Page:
I have just nearly completed a nice little vest, Waterrock. This vest is knitted bottom up and in the round. One reason that I love this project is that there is no sewing! Yes, like many of you, it seems like the finishing of a project (weaving in ends, sewing and blocking) seem to be a hassle. I have had more than one project languish in the corner of my craft closet waiting for the finishing touches. The worst for me is seaming. I am not sure why, because though I really love to sew on a sewing machine; I do not like to seam knitted projects. It is a selling point for me, therefore, to select a pattern that has as few seams as possible.
It is a selling point for me, therefore, to select a pattern that has as few seams as possible. The Waterrock Vest filled the bill. Knitted from the bottom up, there are no side seams. There are, however, seams at the shoulders. With this particular pattern, the seams are joined with a three needle bind off. I love this seaming technique. It is faster than seaming and the stitches lie flat and present a nice tidy finish. It is a great choice for shoulder seams, hats, and socks, because it results in a strong seam. The only disadvantage is that the v’s are not precisely lined up. If there is a pattern, I find this is less noticeable. The only technique that looks better is the Kitchener Stitch, a grafting technique which results in no seam at all. I will leave that for a later time.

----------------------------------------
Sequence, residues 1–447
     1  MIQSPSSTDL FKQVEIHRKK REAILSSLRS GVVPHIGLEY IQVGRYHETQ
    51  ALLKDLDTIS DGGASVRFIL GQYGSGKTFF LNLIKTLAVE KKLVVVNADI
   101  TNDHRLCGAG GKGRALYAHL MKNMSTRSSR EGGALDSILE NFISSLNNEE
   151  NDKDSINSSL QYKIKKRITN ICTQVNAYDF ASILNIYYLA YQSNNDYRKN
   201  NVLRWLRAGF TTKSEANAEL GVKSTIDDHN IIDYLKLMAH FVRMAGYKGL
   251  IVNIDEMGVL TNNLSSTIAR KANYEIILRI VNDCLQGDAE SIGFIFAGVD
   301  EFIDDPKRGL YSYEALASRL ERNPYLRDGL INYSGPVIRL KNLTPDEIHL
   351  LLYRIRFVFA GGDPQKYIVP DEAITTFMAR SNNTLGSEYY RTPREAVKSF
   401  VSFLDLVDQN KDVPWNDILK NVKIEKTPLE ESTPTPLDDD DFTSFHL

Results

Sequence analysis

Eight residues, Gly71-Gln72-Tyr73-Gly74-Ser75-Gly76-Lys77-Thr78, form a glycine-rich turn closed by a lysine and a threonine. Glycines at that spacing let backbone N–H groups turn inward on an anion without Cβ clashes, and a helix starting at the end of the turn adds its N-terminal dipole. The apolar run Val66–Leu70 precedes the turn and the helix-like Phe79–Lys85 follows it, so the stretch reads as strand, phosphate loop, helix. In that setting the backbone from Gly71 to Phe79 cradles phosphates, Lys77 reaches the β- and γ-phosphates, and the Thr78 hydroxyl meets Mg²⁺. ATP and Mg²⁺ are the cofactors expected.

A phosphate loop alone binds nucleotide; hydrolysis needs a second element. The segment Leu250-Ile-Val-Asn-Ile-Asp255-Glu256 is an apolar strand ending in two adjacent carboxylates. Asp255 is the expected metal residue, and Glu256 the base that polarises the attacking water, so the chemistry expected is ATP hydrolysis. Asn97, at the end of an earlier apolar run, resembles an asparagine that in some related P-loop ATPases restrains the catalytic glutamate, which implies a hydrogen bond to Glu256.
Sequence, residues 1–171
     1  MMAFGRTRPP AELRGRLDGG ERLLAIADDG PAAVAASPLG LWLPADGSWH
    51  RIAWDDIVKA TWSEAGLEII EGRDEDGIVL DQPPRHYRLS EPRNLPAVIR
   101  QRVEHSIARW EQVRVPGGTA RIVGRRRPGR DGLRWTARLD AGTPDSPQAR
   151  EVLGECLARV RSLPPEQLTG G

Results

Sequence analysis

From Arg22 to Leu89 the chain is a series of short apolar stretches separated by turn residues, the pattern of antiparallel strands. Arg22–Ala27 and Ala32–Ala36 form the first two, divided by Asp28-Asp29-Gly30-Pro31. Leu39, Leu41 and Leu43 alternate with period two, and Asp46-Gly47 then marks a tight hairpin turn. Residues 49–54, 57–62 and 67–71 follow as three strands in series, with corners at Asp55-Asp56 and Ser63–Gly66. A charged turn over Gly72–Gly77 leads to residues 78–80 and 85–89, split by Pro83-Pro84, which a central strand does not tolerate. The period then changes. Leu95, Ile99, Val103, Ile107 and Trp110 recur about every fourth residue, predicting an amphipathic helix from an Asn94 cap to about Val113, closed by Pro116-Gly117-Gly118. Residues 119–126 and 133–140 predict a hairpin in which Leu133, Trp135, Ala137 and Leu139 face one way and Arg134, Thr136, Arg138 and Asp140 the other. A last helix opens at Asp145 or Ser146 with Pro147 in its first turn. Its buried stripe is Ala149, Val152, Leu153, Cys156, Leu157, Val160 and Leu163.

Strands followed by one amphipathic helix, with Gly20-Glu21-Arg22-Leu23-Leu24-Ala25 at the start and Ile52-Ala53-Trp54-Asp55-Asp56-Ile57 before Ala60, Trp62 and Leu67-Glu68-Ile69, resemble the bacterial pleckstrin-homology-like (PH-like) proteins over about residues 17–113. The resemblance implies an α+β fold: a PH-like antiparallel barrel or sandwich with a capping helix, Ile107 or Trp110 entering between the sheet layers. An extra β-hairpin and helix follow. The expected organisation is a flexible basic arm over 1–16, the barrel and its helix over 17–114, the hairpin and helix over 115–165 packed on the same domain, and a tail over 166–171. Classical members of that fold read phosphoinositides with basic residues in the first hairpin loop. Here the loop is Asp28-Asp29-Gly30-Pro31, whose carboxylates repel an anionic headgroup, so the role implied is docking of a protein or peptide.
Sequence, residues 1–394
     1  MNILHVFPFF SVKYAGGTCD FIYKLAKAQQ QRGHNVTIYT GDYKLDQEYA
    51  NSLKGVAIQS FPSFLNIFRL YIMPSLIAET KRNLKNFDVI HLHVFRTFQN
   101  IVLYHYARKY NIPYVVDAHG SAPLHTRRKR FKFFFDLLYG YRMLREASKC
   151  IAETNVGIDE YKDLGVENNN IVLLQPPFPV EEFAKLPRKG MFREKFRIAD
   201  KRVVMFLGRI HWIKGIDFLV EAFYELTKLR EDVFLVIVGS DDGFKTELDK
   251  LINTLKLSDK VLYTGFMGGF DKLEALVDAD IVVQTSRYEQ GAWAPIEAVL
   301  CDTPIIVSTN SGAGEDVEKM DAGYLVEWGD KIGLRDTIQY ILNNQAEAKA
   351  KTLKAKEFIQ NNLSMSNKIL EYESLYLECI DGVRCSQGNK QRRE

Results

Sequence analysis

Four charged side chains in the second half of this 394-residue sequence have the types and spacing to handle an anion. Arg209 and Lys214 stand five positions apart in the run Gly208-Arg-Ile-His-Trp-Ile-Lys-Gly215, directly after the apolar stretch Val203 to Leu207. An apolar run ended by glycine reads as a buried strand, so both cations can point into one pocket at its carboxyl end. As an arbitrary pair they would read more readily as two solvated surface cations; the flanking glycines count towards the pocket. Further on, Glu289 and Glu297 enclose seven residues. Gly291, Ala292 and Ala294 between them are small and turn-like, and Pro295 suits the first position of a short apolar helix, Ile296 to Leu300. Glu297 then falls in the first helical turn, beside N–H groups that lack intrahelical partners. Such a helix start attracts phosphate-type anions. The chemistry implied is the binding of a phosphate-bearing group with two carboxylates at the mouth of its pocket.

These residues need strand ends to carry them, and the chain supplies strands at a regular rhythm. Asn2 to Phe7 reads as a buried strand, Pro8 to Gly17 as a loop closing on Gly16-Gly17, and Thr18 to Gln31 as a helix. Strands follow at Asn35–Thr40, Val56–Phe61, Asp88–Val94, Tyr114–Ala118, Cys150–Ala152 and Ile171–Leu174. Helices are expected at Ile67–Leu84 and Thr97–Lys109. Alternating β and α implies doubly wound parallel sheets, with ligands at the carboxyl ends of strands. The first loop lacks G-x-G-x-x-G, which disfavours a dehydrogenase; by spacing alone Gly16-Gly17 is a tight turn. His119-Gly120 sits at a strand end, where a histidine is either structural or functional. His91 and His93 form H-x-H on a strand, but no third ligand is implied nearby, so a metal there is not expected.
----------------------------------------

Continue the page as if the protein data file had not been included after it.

Now, let’s talk about how to do the three needle bind off. The steps are pretty straight forward. Below are written directions provided by New Stitch a Day.
- Step 1: Take two pieces of fabric and place them right sides facing each other.
- Step 2: Take a third needle and slide it into the first stitch “knit-wise” on the needle closest to you.
- Step 3: Take the third needle and slide it into the first stitch “knit-wise” on the second needle.
- Step 4: Wrap the working yarn around the third needle.
- Step 5: Pull the stitch through both stitches (as if they are one stitch).
- Step 6: Pull the stitches off the two needles creating one on the third needle. Repeat once.
- Step 7: Take the first stitch on the third needle and slip it over the second.
- Repeat steps 2 – 7 until you have bound off all stitches.
For those of you who would like a visual, this is a great slow-motion video of the three-needle bind off by Very Pink Knitting.
If you are considering a pattern with a three needle bind off, I hope you will give it a try. The next step in my Waterrock Vest project is to knit an Icord edge on the neckline and sleeves. It will give a soft, rounded finish. That will be next week’s topic.